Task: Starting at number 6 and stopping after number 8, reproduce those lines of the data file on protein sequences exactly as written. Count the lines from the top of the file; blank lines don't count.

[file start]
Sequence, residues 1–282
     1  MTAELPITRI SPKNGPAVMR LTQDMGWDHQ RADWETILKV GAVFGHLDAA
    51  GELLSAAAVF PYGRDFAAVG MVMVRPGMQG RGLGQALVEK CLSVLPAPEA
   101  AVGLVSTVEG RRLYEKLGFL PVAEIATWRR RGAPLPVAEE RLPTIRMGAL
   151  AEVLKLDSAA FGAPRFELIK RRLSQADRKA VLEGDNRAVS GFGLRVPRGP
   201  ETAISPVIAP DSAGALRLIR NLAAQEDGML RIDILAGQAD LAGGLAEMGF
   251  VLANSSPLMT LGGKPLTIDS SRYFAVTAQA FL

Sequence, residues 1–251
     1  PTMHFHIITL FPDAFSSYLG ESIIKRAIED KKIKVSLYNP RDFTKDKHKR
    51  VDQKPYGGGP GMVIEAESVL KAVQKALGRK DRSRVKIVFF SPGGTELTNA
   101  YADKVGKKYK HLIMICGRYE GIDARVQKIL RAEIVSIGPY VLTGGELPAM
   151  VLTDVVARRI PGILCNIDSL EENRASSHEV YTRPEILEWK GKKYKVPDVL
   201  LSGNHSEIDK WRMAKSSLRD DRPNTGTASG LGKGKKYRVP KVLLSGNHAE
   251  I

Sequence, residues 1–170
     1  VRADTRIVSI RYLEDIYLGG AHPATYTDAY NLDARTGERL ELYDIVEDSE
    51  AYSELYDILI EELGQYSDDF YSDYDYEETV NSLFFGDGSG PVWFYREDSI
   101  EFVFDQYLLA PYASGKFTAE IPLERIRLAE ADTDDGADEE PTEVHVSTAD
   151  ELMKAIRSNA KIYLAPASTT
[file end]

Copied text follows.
   201  ETAISPVIAP DSAGALRLIR NLAAQEDGML RIDILAGQAD LAGGLAEMGF
   251  VLANSSPLMT LGGKPLTIDS SRYFAVTAQA FL

Sequence, residues 1–251